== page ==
Thursday, August 7, 2008

Spokoinoy nochi, Solzhenitsyn

I know it's been a while since the great man died, and most people in America haven't read a word of his. I've read parts (because the whole might kill me) of The Gulag Archipelago and all of One Day in the Life of Ivan Denisovich. It stays with you, let me tell you. If nothing else, to get a taste of his work, might I suggest his Nobel speech?

The thing is, it's hard for me to get around the idea that the gulag was something that people were imprisoned during my life span. WW2 was terrible and also a 20th century event, yes, but it's been in a million movies, and it becomes tangible. Russia, for all our problems with it--we, as a nation, have never tried to understand what was going on there. Nearly every American film about 20th century Russia and Russians has been absurd. And it's unfortunate because mutual understanding would certainly benefit all parties.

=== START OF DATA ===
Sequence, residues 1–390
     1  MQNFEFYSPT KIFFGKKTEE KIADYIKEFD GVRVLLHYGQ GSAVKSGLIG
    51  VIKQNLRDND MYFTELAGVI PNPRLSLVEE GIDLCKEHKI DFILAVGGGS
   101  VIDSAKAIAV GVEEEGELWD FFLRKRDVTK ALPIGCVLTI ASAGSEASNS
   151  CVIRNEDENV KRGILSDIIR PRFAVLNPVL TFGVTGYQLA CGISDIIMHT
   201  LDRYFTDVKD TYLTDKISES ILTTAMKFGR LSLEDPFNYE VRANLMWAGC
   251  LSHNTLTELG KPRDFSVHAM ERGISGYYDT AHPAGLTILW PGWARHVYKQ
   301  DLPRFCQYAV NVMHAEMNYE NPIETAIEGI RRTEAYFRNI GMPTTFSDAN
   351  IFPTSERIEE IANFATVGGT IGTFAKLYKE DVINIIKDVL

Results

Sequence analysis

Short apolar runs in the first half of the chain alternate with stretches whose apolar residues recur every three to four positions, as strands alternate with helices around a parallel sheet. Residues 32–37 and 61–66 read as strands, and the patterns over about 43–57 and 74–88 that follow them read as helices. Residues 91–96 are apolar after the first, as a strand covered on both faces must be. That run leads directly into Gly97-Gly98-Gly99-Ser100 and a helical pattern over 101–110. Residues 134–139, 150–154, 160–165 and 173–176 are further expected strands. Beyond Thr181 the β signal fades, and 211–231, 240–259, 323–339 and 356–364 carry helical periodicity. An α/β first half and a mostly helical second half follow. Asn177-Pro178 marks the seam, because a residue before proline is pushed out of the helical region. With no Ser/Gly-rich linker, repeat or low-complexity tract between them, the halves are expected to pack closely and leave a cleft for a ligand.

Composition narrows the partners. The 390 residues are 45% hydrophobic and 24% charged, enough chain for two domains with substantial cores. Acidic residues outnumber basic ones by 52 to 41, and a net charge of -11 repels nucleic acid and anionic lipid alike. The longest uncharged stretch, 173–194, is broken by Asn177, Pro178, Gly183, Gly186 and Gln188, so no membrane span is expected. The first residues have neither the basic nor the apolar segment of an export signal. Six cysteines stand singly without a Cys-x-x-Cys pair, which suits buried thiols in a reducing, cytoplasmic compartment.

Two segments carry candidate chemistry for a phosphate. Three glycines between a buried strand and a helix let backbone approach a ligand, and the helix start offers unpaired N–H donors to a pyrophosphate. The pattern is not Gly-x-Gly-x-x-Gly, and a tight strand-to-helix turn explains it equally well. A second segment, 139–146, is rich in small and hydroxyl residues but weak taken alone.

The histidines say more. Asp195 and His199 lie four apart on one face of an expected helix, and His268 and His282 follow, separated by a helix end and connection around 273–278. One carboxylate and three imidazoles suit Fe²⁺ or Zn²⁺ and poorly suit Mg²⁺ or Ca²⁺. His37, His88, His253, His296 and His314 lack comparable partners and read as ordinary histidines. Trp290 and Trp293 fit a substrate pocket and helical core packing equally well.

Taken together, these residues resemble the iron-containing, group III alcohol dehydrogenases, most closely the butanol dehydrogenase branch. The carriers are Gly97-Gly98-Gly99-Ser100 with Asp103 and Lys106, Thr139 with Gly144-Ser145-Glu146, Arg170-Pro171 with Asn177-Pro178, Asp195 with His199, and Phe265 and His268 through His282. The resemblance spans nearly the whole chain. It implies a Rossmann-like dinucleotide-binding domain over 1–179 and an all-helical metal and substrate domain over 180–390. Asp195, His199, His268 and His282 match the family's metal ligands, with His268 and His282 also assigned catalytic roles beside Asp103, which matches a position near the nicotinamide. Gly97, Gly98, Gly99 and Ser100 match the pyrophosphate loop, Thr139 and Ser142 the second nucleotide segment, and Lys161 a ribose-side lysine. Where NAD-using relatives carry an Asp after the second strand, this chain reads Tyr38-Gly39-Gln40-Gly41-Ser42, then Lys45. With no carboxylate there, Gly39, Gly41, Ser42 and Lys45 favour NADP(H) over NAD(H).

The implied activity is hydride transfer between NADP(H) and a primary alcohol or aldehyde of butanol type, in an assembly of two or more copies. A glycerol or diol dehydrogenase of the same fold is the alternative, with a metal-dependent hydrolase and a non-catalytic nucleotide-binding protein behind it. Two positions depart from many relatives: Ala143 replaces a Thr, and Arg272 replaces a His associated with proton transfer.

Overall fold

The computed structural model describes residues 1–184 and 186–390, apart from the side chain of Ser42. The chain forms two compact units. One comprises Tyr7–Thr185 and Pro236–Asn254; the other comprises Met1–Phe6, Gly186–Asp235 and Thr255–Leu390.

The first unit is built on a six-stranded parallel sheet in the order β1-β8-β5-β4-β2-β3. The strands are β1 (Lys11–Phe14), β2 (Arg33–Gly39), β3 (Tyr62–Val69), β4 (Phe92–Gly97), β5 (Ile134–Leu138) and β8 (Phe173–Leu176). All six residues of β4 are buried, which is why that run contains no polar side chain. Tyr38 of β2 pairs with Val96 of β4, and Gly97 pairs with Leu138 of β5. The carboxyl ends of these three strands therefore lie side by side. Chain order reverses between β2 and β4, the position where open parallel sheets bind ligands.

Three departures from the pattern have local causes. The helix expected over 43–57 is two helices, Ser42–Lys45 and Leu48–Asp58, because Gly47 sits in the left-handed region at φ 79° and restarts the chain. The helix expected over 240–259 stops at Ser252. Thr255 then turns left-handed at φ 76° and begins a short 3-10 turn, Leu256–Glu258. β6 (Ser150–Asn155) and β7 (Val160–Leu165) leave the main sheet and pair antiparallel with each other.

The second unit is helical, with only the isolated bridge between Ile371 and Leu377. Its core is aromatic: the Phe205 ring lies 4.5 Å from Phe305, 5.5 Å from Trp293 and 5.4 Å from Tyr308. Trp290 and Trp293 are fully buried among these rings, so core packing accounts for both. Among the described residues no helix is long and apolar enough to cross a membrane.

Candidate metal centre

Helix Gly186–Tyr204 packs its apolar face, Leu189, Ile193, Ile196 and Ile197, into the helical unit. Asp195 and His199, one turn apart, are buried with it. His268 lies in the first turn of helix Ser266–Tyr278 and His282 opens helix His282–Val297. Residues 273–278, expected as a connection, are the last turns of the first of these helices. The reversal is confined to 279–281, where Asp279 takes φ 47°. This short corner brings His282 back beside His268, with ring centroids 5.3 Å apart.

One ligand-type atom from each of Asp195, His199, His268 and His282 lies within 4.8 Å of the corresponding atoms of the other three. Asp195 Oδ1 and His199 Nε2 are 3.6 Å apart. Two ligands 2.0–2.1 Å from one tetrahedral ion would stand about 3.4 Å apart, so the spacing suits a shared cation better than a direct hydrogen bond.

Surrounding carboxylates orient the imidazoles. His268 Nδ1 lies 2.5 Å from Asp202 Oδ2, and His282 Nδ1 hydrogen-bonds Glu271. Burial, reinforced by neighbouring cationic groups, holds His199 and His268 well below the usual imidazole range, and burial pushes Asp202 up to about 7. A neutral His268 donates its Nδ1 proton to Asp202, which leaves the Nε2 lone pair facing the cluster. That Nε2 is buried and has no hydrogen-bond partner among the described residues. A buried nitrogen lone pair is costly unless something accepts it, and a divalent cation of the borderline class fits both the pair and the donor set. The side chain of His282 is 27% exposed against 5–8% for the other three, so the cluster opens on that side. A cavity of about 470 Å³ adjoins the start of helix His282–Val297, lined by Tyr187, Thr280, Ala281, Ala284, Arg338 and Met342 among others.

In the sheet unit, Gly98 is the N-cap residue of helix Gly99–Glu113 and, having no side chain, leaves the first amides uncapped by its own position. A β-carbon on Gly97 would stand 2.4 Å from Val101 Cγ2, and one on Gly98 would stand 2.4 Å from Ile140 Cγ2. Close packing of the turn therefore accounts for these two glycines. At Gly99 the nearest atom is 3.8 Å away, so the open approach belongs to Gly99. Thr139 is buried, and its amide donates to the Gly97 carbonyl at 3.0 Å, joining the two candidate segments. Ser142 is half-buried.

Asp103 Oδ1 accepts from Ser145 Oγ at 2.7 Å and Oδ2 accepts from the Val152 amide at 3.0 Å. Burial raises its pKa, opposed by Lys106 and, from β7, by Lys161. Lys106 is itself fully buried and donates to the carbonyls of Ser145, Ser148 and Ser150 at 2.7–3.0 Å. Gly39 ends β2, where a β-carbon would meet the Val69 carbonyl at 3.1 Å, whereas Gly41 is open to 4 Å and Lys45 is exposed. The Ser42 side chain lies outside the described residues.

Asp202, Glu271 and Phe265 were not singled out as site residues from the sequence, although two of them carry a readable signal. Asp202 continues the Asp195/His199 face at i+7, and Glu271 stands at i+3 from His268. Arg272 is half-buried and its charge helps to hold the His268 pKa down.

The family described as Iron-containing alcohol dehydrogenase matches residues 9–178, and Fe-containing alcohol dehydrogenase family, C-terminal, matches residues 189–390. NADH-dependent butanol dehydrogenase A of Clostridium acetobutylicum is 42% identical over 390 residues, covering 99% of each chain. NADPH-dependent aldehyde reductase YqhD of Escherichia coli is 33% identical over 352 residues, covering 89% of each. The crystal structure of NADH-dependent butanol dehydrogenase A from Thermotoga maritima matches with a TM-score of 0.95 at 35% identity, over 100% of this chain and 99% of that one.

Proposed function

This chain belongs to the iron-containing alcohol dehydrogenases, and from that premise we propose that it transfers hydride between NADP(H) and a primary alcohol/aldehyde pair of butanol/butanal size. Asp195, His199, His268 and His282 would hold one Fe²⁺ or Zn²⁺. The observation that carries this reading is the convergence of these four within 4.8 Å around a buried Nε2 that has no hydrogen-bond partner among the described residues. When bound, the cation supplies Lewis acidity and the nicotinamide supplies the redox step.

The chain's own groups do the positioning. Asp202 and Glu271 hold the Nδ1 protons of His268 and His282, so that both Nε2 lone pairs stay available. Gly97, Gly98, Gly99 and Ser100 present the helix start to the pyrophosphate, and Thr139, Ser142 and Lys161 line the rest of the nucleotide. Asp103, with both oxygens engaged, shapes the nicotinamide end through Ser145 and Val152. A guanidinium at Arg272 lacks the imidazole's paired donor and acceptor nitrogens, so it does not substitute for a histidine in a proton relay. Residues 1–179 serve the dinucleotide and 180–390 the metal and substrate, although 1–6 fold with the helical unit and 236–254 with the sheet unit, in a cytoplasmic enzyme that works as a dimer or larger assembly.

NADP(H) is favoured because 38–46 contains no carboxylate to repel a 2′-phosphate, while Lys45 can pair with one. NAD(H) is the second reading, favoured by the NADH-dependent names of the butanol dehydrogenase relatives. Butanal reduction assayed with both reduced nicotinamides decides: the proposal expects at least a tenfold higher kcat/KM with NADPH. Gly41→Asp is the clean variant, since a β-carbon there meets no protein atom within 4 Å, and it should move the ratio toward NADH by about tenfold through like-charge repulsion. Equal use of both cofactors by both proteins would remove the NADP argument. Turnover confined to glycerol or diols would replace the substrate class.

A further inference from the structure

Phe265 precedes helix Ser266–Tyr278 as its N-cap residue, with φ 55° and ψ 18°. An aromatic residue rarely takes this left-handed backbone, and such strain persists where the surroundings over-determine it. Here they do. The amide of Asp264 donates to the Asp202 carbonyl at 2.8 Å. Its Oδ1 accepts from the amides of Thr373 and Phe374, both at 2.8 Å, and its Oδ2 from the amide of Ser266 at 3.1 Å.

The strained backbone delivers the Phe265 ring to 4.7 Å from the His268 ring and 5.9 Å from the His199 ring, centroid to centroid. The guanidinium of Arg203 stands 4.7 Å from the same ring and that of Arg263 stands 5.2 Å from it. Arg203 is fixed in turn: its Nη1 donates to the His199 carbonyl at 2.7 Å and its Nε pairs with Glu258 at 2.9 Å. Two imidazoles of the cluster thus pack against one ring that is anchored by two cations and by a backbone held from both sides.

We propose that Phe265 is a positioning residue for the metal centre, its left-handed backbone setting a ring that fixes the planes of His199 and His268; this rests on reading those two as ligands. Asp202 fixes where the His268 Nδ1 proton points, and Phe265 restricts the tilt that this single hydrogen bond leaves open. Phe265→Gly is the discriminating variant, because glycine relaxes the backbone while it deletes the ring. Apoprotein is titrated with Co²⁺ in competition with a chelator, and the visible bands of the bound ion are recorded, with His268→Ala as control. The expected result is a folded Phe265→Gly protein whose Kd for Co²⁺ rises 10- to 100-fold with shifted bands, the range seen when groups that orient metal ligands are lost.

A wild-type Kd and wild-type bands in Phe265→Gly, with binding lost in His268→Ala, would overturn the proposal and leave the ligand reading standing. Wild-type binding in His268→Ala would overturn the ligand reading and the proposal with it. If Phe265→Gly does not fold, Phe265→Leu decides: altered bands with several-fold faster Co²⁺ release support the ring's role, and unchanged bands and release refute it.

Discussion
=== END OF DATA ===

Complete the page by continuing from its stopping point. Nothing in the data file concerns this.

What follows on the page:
With Solzhenitsyn's passing, I believe all the great Russian writers of the 20th century are now dead (and no, I'm not including sci-fi writers in that grouping). Am I wrong? I hope so.

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In summing up, I wish I had some kind of affirmative message to leave you with. I don't. Would you take two negative messages?
-- Woody Allen